Of course, these are not all cases when the camera automatically cannot cope with the settings. There are an infinite number of them, it’s impossible to list them all, so you need to practice your skills and always be ready to solve mistakes on your own.

 

What is The way to fix it overexposed photos in photoshop?

 

Fixing overexposed photos in Photoshop can be achieved using various techniques, depending on the specific characteristics of the overexposure. Here’s a general guide that you can follow:

  1. Open the Overexposed Photo:

    • Launch Adobe Photoshop and open the overexposed photo.
  2. Adjustment Layers:

    • Use Adjustment Layers to make non-destructive changes. Click on the “New Adjustment Layer” icon at the bottom of the Layers panel and choose the appropriate adjustment layer based on your needs.
  3. Levels Adjustment:

    • The Levels adjustment is useful for adjusting the brightness and contrast of an image.
      • Go to Image > Adjustments > Levels.
      • In the Levels dialog box, move the sliders for Input Levels to adjust the overall brightness and contrast.
  4. Exposure Adjustment:

    • Another option is the Exposure adjustment for fine-tuning exposure.
      • Go to Image > Adjustments > Exposure.
      • Adjust the Exposure, Offset, and Gamma Correction sliders to balance the exposure.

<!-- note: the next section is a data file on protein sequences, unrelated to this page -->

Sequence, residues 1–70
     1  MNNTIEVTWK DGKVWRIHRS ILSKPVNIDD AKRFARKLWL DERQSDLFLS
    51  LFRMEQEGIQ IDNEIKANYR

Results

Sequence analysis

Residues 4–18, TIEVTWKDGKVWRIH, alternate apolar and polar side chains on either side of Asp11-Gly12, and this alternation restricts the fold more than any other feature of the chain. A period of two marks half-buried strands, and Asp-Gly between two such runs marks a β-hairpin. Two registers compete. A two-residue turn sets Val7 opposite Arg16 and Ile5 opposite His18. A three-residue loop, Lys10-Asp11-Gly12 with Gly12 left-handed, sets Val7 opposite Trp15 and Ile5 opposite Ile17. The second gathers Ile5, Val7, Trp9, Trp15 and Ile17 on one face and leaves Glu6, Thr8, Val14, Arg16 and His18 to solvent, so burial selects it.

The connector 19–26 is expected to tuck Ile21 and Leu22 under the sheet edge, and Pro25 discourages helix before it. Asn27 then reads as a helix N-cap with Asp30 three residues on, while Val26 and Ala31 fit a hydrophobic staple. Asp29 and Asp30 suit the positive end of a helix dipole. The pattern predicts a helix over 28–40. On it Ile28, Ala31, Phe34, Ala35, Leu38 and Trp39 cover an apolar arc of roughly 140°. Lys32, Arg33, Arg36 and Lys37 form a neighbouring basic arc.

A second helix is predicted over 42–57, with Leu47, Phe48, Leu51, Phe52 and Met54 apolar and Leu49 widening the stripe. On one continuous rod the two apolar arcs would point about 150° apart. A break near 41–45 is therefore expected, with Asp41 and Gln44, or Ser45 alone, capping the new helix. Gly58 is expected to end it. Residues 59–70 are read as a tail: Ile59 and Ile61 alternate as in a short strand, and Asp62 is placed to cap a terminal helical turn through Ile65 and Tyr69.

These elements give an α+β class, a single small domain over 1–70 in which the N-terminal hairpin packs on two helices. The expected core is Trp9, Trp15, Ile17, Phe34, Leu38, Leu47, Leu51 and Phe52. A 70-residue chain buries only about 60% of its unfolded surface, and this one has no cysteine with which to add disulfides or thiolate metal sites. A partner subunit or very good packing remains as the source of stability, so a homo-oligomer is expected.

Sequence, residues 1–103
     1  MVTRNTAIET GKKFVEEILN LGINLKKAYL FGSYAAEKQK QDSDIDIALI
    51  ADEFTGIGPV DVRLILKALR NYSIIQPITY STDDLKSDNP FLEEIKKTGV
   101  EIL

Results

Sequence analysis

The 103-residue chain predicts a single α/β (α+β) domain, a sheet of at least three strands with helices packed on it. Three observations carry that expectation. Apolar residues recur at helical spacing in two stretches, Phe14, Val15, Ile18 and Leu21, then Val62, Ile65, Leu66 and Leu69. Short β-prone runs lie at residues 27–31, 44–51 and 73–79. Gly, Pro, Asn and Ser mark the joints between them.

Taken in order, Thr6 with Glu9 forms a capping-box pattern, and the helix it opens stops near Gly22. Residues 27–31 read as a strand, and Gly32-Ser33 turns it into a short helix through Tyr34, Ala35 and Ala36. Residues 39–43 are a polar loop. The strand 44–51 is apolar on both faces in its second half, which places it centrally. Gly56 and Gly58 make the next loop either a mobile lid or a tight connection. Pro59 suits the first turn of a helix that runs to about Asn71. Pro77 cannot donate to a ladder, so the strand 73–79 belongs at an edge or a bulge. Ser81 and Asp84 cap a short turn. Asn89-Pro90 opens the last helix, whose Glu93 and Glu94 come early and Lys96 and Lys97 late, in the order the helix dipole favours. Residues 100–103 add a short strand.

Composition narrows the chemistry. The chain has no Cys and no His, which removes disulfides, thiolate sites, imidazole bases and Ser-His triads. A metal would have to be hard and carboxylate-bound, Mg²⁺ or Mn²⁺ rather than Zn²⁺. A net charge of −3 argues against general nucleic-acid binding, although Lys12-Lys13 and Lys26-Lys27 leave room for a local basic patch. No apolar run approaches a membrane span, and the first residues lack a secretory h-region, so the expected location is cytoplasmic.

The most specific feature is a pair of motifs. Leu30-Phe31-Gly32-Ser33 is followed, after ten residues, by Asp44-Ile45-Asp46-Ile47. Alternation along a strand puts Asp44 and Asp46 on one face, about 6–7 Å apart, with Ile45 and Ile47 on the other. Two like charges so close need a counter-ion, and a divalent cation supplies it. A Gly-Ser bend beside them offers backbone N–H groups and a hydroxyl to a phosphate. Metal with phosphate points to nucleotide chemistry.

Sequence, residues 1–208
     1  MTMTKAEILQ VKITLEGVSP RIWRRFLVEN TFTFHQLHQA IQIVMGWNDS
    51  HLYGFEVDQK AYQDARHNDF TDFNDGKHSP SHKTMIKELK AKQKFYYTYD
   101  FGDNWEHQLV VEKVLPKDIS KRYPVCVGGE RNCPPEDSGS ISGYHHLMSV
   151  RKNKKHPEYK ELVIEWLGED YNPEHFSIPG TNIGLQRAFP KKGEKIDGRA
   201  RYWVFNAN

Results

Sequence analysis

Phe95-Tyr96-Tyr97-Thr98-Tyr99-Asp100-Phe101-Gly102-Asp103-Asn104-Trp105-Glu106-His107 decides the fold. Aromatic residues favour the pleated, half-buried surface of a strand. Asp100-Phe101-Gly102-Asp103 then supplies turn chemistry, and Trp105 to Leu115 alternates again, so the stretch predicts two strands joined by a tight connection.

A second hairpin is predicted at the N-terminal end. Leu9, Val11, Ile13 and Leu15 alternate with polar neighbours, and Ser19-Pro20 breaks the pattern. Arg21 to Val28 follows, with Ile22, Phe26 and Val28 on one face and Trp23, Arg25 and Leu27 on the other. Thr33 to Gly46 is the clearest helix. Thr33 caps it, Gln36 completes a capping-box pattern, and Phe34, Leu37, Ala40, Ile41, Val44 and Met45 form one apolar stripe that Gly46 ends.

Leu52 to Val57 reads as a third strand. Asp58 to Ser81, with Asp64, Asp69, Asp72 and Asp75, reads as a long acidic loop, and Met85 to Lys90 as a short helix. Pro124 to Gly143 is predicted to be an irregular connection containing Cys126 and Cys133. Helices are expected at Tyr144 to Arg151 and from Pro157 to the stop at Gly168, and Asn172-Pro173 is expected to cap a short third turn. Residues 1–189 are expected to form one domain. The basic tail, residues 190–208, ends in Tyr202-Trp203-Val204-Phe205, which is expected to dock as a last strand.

5. Curves Adjustment:

    • The Curves adjustment allows precise control over tonal values.
      • Go to Image > Adjustments > Curves.
      • Adjust the curve to control highlights, midtones, and shadows.
  6. Highlights and Shadows:

    • Use the Highlights and Shadows adjustment to recover details in overexposed areas.
      • Go to Image > Adjustments > Shadows/Highlights.
      • Adjust the sliders to recover details in the highlights and shadows.
  7. Color Correction:

    • Overexposure can affect color balance. Use the Color Balance adjustment to correct it.
      • Go to Image > Adjustments > Color Balance.
      • Adjust the sliders to correct the color balance.
  8. Clone Stamp/Healing Brush:

    • If there are specific blown-out areas, use the Clone Stamp or Healing Brush tools to sample nearby pixels and paint over the blown-out areas.
  9. Gradient Filter:

    • Apply a gradient filter selectively to adjust exposure in specific areas.
      • Use the Gradient tool and apply it as an adjustment layer.
  10. Dodge and Burn:

    • Use the Dodge tool to lighten underexposed areas and the Burn tool to darken overexposed areas selectively.
  11. Sharpening:

    • Overexposed images might look softer. Apply sharpening selectively using the Unsharp Mask filter (Filter > Sharpen > Unsharp Mask).
  12. Save Your Work:

    • Always save your edited image with a new name to preserve the original.

Experiment with these adjustments and tools to find the combination that works best for your specific overexposed photo. Keep in mind that subtle adjustments often yield more natural-looking results.